Posts tagged ‘jewish’

Philip Roth — Indignation

By nine in the evening two feet of snow had fallen, and it was still snowing, magically snowing, now without a wind howling through the streets of Winesburg, without the town’s old trees swaying and creaking and their weakest limbs, whipped by the wind and under the burden of snow, crashing down into the yards and blocking the roads and driveways — now without a murmur from the wind or the trees, just the raggedly clots swirling steadily downward as though with the intention of laying to rest everything discomposed in the upper reaches of Ohio.

So it begins — one of the silliest episodes in Philip Roth’s devilishly silly recent offering, Indignation (2008). Spurred on by the winter wonderland newly formed around them, the boys of Winesburg decide to raid the girls’ dormitories. Their long-term goal: to augment the snowfall, by rooting around in the girls’ drawers for pairs of white panties and tossing them out the window.

This odd occurence is not out of place in this surreal novel, which showcases the best and worst of Roth, and which is far, far dafter than mainstream reviewers have let on. It’s predominantly a tale of campus naughtiness in the 1950s, with a sick and ingenious twist: the narrator, 19-year old Marcus Messner, is “under morphine”, on the brink of death in a Korean war hospital. In the blackly humorous Hellerian insanity of the 1950s Christian Mid-West, the rules are simple: respect authority and don’t indulge in “thoughtless fun” — or we’ll send you off to be eviscerated by Commies. We know that poor Messner will eventually end up on the wrong side of the “or”.


Messner — a hardworking butcher’s son from Newark, determined to come top of the class in everything — makes an inept libertine, but even the iota of independent thought he allows himself — his objection to attending Christian chapel services — is enough to mark him out as a troublemaker in the deceptively serene surroundings of Winesburg, where the deceptively caring Dean of Men is all too ready to chuck students into the waiting jaws of conscription. College students are exempt, but expelled students are not. In a blazing row with the Dean, as Marcus teeters on the brink of expulsion, his pride is overpowering:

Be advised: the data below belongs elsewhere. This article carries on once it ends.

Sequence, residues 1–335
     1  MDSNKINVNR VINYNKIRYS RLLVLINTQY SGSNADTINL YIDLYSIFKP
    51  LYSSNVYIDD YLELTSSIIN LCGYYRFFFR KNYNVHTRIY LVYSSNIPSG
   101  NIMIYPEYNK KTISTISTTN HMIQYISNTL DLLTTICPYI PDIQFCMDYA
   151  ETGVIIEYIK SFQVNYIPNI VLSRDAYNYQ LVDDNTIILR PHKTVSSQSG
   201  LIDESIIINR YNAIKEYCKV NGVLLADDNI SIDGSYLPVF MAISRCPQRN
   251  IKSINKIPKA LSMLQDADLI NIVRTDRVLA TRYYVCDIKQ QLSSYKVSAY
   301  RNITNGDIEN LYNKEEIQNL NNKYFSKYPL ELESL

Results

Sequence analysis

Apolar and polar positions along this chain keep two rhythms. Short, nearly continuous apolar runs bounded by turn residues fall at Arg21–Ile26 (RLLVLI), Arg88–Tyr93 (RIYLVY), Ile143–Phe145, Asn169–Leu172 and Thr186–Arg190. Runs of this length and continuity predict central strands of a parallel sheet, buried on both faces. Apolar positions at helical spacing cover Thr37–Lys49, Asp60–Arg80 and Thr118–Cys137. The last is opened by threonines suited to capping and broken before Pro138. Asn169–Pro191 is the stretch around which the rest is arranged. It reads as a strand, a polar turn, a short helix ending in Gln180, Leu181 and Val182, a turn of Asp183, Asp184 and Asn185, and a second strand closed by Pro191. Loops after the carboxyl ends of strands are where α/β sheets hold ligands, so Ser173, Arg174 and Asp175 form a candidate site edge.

I inwardly sang out the most beautiful word in the English language: “In-dig-na-tion!”

As Messner recounts his typical studenty experiences — his awkward sexual encounters, his clashes with roommates, his in-dig-na-tion whenever he’s told off — there is a dark subtext, since we know that such comic escapades can be indirectly fatal, and we know that, for Marcus, one of them will be. Messner learns the hard way how “one’s most banal, incidental, even comical choices achieve the most disproportionate result”.

But, though it hammers home this lesson, it would be quite wrong to interpret Indignation as a deep philosophical work — or even as a particularly serious work. After all, the framing device is simply wacky — a morphine-sedated soldier recounting his memories in choronological order via eloquent, witty, Philip Roth sentences? Why not?  But more than that, the novel’s events are just too irrepressibly Rothian to be taken for real. Panties, fellatio, nymphomania… the Roth stalwarts are all present and correct. When Marcus is bedridden in hospital with appendicitis, he is visited by his sex-crazed classmate Olivia:

There was a gently erotic sway to her gait as she slowly approached the bed pointing a finger at my erection. “You are odd, you know. Very odd,” she told me, once she’d at last arrived at my side. “Odder than I think you realize.”

“I’m always odd after I have my appendix out.”

“Do you always get as huge as this after you’ve had your appendix out?”

“Never fails.” Huge. She’d said huge. Was it?

I won’t describe what happens next. Roth’s penchant for literary porn has always limited his appeal, and always will. Sometimes I wonder why such an incorrigibly silly author continues to draw such critical fawning — and continues to bring me back, again and again. But the answer’s simple: it’s the prose, stupid. Flowing and furious, vivid and lucid, Roth’s sentences, as the passage at the top of the page makes plain, are as irresistible as ever.


August 11, 2009 at 4:26 pm 6 comments

Michael Chabon — The Amazing Adventures of Kavalier & Clay

It’s 1939. Joe Kavalier and Sammy Clay are young Jews in New York. Joe is a Czech newly evacuated from Nazi-occupied Prague. Sammy is his American cousin. Strapped for cash, the pair take to writing comic books.

Their work, like many comics of that “golden age” for the artform, poignantly conjures up a vision of the world as it ought to be, but isn’t. Their superhero, the Escapist, is a godlike figure, metering out salvation and justice in lieu of the official God, who is apparently out for lunch.